‘Death fell from the sky’ says Barack Obama at Hiroshima visit

Obama (C) recieves a wreath from a student (L) beside Japanese Prime Minister Shinzo Abe (R) at the cenotaph in the Peace Momorial park in Hiroshima. Picture: AFP/Getty

Obama (C) recieves a wreath from a student (L) beside Japanese Prime Minister Shinzo Abe (R) at the cenotaph in the Peace Momorial park in Hiroshima. Picture: AFP/Getty

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Barack Obama has paid tribute to the 140,000 people killed by the world’s first atomic bomb attack and sought to bring global attention to his unfulfilled vision of a world without nuclear weapons, as he became the first sitting US president to visit Hiroshima.

“Death fell from the sky and the world was changed,” Obama said, after laying a wreath, closing his eyes and briefly bowing his head before an arched monument in Hiroshima’s Peace Memorial Park that honors those killed on August 6, 1945, when US forces dropped the bomb that ushered in the nuclear age. The bombing, Obama said, “demonstrated that mankind possessed the means to destroy itself.”

Obama did not apologise, instead offering, in a carefully choreographed display, a simple reflection on the horrors of war and his hope the horror of Hiroshima could spark a “moral awakening.” As he and Japanese Prime Minister Shinzo Abe stood near an iconic bombed-out domed building, Obama acknowledged the devastating toll of war and urged the world to do better.

“We stand here in the middle of this city and force ourselves to imagine the moment the bomb fell ... we listen to a silent cry.” Obama said.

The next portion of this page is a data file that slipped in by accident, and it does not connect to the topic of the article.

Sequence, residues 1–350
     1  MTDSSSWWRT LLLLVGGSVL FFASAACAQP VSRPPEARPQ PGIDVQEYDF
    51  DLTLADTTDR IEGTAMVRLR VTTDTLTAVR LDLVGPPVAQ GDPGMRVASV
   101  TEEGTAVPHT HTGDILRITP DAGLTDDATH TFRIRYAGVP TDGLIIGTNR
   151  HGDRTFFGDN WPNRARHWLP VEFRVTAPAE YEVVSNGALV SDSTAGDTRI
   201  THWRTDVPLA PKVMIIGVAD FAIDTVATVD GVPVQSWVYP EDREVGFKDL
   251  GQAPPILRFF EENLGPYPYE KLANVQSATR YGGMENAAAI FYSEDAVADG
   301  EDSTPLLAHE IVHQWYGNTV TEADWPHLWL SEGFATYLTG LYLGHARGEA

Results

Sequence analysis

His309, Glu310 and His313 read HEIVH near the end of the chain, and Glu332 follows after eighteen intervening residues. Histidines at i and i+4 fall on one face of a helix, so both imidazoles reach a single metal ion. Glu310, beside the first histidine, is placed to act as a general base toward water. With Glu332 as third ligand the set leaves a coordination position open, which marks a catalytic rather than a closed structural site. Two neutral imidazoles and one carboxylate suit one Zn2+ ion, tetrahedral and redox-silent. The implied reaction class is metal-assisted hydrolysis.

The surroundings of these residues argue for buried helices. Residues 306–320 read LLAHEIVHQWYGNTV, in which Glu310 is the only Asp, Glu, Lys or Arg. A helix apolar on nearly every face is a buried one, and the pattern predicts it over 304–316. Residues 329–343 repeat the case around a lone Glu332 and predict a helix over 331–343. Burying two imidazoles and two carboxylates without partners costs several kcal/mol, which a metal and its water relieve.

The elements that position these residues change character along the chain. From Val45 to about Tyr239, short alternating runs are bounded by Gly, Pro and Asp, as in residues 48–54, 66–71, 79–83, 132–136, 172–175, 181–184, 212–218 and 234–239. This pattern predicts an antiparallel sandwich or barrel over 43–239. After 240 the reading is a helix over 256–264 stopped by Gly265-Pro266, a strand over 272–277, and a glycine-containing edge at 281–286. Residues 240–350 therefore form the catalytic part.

A second atomic bomb, dropped on Nagasaki three days later Hiroshima, killed 70,000 more.

Obama also sought to look forward to the day when there was less danger of nuclear war. He received a Nobel Peace Prize early on his presidency for his anti-nuclear agenda but has since seen uneven progress. “We must have the courage to escape the logic of fear and pursue a world without them,” Obama said of nuclear weapons.

The visit presents a diplomatic tightrope for a US president trying to make history without ripping open old wounds. He did not apologise for the attack, which is viewed by many in the US as having hastened the end of World War II; others have called it a war crime that targeted civilians.

Critics believe Obama’s mere presence in Hiroshima will be viewed as an apology for what they see as a justified attack. But he has also drawn praise from those who see it as a long overdue gesture needed to heal old wounds.

Obama touched down in Hiroshima after completing talks with world leaders at an international summit in Shima, Japan.

Those who come to ground zero at Hiroshima speak of its emotional impact, of the searing imagery of the exposed steel beams on the iconic A-bomb dome.

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